Set Up A Like-Kind Exchange
Posted on Thursday, April 07, 2016
Under Code Sec. 1031, a taxpayer can make a tax-free exchange of property held for productive use in a trade or business or for investment. The exchange must be made for other property that the taxpayer will continue to use in a trade or business or for investment. Ordinarily, the exchange is made directly with another taxpayer who holds like-kind property. For example, an investor in real estate may exchange a building with another person who also owns real estate for use in a trade or business or for investment.
Another way to take advantage of Code Sec. 1031 is to make a deferred like-kind exchange, using a third person to facilitate the exchange. This can be advantageous when the taxpayer cannot find another holder of like-kind property to make a direct exchange with. The taxpayer identifies a third person to act as a qualified intermediary (QI) and enters into a legal agreement with the QI. The QI is not treated as the agent of the taxpayer. The QI acquires from the taxpayer the property that the taxpayer is relinquishing, and sells the property to another person identified by the taxpayer. As part of the transaction, the QI acquires legal title to the property and transfers it to the person buying the property.
The agreement between the taxpayer and the QI must provide that the taxpayer has no right to the proceeds received by the QI. Otherwise, the taxpayer would be in actual or constructive receipt of the proceeds. If this occurred, the exchange would not be tax-free.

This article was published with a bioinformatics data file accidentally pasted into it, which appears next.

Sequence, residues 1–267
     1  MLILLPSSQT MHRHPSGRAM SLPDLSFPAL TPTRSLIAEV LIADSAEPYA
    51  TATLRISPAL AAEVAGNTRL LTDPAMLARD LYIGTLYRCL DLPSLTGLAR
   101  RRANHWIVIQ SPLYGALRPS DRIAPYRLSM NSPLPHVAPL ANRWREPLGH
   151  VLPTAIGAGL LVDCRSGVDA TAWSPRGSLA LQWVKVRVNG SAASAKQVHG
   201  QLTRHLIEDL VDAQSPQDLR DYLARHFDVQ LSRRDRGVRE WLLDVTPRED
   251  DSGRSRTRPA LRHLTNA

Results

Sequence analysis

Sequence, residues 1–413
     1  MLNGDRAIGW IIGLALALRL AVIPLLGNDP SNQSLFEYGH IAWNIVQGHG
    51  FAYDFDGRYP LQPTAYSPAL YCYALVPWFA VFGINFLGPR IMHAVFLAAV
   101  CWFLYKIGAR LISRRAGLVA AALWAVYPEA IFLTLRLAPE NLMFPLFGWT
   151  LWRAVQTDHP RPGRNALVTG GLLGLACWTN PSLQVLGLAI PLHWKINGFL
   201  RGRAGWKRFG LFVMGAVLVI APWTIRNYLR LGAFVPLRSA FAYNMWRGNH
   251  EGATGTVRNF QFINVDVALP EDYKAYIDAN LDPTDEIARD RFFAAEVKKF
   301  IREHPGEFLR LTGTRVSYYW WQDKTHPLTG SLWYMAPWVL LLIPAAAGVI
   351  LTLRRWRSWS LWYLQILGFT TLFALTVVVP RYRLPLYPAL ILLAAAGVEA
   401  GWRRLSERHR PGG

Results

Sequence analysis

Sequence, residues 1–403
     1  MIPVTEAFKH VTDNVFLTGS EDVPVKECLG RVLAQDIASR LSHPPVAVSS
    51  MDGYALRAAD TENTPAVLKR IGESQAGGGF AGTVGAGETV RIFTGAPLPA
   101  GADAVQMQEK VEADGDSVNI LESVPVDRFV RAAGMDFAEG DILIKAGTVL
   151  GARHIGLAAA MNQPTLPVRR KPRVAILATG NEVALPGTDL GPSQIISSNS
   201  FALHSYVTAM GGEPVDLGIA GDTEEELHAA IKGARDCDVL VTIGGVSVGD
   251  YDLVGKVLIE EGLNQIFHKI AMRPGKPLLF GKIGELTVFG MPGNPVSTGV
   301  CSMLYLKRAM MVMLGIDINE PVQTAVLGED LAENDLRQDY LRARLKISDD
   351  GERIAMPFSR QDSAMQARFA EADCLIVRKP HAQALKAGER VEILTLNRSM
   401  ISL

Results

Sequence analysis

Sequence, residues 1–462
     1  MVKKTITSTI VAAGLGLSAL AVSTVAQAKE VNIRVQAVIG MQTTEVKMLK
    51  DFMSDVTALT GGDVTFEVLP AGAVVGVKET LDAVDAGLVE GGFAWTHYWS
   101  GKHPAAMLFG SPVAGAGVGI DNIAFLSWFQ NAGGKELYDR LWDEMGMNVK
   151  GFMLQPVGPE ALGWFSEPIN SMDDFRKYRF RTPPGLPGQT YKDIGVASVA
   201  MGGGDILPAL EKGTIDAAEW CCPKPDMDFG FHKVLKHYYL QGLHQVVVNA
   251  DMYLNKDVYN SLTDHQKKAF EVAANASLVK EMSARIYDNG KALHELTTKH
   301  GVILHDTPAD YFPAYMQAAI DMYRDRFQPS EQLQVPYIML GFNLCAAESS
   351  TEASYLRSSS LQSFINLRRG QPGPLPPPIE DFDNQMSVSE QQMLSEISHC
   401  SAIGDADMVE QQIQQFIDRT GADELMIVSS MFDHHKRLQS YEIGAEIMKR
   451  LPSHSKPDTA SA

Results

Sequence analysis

To complete the deferred like-kind exchange, the taxpayer will identify other like-kind property that it wishes to acquire, perhaps from a fourth person. The QI will use the proceeds from the original sale to purchase the property sought by the taxpayer, again acquiring legal title to the property. Finally, the QI will transfer the acquired property to the taxpayer. The taxpayer’s transfer of the relinquished property and acquisition of the replacement property qualify as a like-kind exchange.
Posted in Tax And Accounting Topics For Business
Disclaimer: The information contained in Dulin, Ward & DeWald’s blog is provided for general educational purposes only and should not be construed as financial or legal advice on any subject matter. Before taking any action based on this information, we strongly encourage you to consult competent legal, accounting or other professional advice about your specific situation. Questions on blog posts may be submitted to your DWD representative.